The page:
Auscultate at the LLSB with the patient sitting upright.


Bounding arterial pulse

In a patient with aortic regurgitation there is an increase in the differential blood pressure (systolic blood pressure – diastolic blood pressure). This is caused by both an increase in the SBP, secondary to a greater stroke volume, and also by a reduction of the DBP as a consequence of the regurgitant blood flow during diastole. The increased differential pressure manifests as a bounding arterial pulse that can be appreciated basically at any artery around the body. For this reason, there are many different peripheral signs of aortic regurgitation, based on the specific artery considered. The most famous ones are the Corrigan’s pulse, visible at the carotids, and the Water-Hammer pulse, that can be observed at the wrists.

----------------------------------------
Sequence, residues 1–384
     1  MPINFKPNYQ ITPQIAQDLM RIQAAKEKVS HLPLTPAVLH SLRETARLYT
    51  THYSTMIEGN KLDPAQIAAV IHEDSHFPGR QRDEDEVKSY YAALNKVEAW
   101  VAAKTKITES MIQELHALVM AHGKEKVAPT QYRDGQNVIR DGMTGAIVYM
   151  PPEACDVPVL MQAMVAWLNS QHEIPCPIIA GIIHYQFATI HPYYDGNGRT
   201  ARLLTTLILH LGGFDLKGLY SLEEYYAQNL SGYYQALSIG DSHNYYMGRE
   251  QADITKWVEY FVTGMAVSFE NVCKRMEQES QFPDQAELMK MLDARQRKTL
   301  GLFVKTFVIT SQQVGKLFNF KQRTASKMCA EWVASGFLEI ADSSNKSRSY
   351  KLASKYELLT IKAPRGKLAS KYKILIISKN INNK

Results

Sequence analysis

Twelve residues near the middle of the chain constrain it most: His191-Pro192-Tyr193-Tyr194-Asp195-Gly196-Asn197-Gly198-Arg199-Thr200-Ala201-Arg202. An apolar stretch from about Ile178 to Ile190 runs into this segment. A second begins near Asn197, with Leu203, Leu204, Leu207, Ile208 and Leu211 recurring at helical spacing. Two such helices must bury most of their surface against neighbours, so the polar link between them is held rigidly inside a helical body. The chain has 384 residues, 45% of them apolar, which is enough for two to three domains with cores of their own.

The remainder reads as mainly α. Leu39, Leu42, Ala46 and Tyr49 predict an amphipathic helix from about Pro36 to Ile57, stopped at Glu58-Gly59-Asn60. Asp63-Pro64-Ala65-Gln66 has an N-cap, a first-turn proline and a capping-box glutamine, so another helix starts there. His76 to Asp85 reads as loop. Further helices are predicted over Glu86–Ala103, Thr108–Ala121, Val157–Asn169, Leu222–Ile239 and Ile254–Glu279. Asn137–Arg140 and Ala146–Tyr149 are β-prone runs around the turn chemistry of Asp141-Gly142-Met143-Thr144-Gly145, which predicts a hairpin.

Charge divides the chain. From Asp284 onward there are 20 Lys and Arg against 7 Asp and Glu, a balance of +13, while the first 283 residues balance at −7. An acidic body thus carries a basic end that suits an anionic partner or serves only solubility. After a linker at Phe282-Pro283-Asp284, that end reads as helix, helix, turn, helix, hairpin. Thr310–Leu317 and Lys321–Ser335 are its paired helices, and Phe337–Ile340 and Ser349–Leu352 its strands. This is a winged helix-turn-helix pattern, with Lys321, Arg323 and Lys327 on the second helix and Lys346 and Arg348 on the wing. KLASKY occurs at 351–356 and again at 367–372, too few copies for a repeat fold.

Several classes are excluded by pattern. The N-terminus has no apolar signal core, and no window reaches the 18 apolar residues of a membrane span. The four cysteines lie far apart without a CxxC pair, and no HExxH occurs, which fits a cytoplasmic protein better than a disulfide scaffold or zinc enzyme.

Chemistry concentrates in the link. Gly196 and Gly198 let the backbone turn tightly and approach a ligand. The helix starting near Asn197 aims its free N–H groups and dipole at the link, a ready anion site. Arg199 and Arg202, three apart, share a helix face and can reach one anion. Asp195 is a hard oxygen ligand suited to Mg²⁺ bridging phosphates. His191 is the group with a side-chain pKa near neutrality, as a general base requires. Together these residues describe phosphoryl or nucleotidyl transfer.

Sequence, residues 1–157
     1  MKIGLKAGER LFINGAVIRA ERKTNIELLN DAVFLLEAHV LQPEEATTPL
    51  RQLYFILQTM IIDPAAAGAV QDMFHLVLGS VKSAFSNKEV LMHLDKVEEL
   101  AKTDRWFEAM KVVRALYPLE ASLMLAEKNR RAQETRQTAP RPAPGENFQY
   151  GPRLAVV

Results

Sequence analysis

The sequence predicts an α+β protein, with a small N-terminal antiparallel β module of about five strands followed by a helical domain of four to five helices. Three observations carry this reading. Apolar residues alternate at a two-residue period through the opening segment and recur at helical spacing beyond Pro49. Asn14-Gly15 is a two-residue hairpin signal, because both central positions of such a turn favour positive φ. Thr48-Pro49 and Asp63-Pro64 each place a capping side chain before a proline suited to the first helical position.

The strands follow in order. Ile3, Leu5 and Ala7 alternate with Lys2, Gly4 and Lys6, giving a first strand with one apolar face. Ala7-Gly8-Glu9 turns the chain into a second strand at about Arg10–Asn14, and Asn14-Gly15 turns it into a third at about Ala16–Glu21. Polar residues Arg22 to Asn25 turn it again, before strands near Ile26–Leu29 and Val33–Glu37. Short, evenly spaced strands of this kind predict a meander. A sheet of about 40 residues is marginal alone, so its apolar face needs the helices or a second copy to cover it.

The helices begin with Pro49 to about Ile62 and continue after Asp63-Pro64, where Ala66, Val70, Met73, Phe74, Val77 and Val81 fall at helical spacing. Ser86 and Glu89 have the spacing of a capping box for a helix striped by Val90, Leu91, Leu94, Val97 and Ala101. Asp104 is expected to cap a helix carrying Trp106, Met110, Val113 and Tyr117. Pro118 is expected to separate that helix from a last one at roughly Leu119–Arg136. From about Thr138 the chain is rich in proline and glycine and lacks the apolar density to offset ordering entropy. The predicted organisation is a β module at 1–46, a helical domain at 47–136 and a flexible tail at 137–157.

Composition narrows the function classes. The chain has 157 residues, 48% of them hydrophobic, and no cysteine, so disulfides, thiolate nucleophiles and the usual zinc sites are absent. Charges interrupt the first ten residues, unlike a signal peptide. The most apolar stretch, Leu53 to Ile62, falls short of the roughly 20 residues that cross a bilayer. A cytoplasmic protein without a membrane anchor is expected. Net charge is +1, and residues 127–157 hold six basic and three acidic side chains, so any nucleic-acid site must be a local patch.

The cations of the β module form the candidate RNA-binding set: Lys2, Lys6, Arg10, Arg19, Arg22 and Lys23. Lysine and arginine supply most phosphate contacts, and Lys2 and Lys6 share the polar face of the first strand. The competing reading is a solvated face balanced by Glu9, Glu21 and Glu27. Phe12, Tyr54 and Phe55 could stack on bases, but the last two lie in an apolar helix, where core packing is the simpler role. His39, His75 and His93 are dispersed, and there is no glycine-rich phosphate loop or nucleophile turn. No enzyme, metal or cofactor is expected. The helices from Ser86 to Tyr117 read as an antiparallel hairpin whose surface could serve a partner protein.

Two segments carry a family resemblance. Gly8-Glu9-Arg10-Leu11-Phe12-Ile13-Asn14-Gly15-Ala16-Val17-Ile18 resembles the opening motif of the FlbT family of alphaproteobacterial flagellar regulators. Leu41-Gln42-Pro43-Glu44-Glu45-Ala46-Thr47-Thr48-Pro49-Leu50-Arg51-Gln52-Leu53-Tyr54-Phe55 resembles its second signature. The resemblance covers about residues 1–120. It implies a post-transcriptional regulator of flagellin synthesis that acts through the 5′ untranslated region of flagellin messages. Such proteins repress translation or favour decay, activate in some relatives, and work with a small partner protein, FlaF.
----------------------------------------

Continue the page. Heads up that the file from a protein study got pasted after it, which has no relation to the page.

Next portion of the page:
Pulmonary Regurgitation

Exam for Diastolic Murmurs

Pulmonary regurgitation is a relatively rare cause of a diastolic murmur, and it is usually due to either infectious endocarditis or pulmonary hypertension. In the first case, there is direct damage to the valve leaflets caused by an infectious process. In the second case, instead, there is a dilation of the pulmonary artery root that causes the valve to become incompetent.



Differentiation from aortic regurgitation

The diastolic murmur of pulmonary regurgitation is very similar to the one of aortic regurgitation. It is a decrescendo diastolic murmur with a blowing character. However, contrary to the one of aortic regurgitation, this murmur is loudest at the left upper sternal border, around the 2nd and 3rd intercostal spaces. Because of their similarity, it can be very difficult to differentiate between these two murmurs relying on auscultation alone. The key differential element is the presence of a peripheral arterial bounding pulse, that only patients with aortic regurgitation will demonstrate.